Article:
Is Salmon Healthy?

Salmon…we are told to eat more of it as it contains an important essential fatty acid, omega 3 (essential here refers to the fact that our bodies cannot manufacture this and must take it in).  Salmon today is readily available in any supermarket, year-round.   Current health recommendations generally suggest eating fish at least two times a week.  But let’s take a look at the nutritional profile of salmon, in its farmed and wild versions (figures are from Nutrition Data):

 Atlantic salmon, farmed, 198 g serving (about 7 ounces)

  • 27 grams of fat, of which 6 grams are saturated
  • 40 grams of protein
  • 412 calories
  • Good source of vitamin E, thiamine, niacin, vitamins B6 & B12, selenium, phosphorus and potassium
  • Omega 3 fatty acids: 4961 mg
  • Omega 6 fatty acids: 1944 mg

Atlantic salmon, wild, 198 g serving (about 7 ounces)

  • 13 grams of fat, of which 2 are saturated
  • 39 grams of protein
  • 281 calories
  • Good source of riboflavin, thiamine, niacin, vitamins B6 & B12, selenium, phosphorus and potassium
  • Omega 3 fatty acids: 3996 mg
  • Omega 6 fatty acids: 341 mg

What is going on here…salmon is salmon, right?  In some ways the two look similar ~ same amount of protein, essentially the same vitamins and minerals, high omega 3 counts…and yet the farmed salmon has twice the amount of fat (and as a result more calories) and higher omega 6 counts.  Well, just as we have taken cattle that used to roam freely and graze on grass and have confined them to feedlots, so we have done with fish.  Here is a quote by Jane Houlihan from the nonprofit Environmental Working Group:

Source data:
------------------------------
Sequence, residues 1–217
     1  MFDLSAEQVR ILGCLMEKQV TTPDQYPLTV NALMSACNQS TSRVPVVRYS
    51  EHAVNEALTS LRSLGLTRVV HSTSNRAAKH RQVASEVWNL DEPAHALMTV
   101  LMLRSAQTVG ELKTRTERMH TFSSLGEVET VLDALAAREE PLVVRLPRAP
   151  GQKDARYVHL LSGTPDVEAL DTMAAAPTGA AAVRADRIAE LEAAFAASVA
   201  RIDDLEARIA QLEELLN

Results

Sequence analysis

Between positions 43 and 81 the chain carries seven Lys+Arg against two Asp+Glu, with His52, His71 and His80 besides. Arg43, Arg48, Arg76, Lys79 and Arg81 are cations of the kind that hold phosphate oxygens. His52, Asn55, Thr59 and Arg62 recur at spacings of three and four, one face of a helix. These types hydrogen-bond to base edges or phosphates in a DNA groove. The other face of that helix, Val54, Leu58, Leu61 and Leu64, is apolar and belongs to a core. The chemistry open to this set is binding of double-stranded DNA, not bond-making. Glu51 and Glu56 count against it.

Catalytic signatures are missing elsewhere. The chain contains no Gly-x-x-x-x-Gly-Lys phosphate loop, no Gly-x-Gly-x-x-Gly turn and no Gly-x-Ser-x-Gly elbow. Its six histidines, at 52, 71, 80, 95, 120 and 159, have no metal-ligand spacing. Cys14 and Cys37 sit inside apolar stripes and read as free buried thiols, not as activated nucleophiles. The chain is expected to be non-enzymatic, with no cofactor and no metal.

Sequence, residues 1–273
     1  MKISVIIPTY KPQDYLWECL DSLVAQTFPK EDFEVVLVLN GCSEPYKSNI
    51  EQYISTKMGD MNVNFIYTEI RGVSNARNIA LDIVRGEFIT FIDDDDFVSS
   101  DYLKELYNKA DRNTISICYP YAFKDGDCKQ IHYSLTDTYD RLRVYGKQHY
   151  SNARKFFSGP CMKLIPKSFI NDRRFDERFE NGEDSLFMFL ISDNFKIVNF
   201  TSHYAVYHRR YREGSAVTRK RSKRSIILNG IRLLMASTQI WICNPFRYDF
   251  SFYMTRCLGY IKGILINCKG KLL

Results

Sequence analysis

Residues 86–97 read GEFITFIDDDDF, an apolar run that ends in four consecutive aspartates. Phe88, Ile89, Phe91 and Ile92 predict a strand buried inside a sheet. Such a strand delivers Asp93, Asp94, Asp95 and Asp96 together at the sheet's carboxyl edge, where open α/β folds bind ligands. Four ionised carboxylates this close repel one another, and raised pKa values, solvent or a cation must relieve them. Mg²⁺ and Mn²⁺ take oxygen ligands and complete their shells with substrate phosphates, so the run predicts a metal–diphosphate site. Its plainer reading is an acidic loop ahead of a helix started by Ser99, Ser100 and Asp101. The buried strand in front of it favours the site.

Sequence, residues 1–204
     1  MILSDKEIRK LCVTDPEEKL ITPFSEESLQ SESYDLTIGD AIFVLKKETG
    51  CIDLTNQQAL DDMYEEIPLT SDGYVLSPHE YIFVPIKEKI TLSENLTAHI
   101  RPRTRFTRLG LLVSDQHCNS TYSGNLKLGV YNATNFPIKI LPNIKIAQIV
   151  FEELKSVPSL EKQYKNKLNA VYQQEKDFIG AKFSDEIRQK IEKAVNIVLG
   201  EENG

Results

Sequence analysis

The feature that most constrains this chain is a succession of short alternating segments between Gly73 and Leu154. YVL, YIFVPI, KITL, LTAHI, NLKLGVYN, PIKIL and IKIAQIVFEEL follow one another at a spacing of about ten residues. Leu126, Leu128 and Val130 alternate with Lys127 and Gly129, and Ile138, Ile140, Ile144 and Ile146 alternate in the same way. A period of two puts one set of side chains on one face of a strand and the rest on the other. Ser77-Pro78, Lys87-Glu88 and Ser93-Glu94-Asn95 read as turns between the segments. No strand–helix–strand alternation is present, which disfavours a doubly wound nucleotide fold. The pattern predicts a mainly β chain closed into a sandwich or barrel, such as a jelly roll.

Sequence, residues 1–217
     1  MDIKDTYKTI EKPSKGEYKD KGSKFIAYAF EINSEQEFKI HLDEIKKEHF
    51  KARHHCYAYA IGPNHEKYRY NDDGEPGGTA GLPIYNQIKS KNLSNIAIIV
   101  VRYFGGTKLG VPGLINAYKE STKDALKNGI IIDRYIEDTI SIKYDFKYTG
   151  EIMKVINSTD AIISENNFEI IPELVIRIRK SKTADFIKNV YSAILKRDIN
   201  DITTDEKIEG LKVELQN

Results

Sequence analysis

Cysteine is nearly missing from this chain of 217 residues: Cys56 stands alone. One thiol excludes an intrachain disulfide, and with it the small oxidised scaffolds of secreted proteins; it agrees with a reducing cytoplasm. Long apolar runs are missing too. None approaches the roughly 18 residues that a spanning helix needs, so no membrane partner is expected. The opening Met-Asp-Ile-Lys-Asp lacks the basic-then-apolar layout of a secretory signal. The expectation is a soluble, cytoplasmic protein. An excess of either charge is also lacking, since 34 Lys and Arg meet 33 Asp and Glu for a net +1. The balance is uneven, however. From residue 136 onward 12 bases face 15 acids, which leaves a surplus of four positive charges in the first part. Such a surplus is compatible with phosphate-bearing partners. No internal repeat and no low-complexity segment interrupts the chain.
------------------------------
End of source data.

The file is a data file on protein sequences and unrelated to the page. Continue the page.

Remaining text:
Nearly all salmon Americans eat are farm-raised — grown in dense-packed pens near ocean shores, fed fish meal that can be polluted with toxic PCB chemicals, awash in excrement flushed out to sea and infused with antibiotics to combat unsanitary conditions. Some salmon are raised on farms that use more sustainable methods, but you can’t tell from the packaging.

Eating farmed salmon occasionally is not a great health concern, but risks can add up if you eat salmon often. But the long-term environmental damage caused by the industry is substantial. We recommend wild salmon over farmed whenever possible.”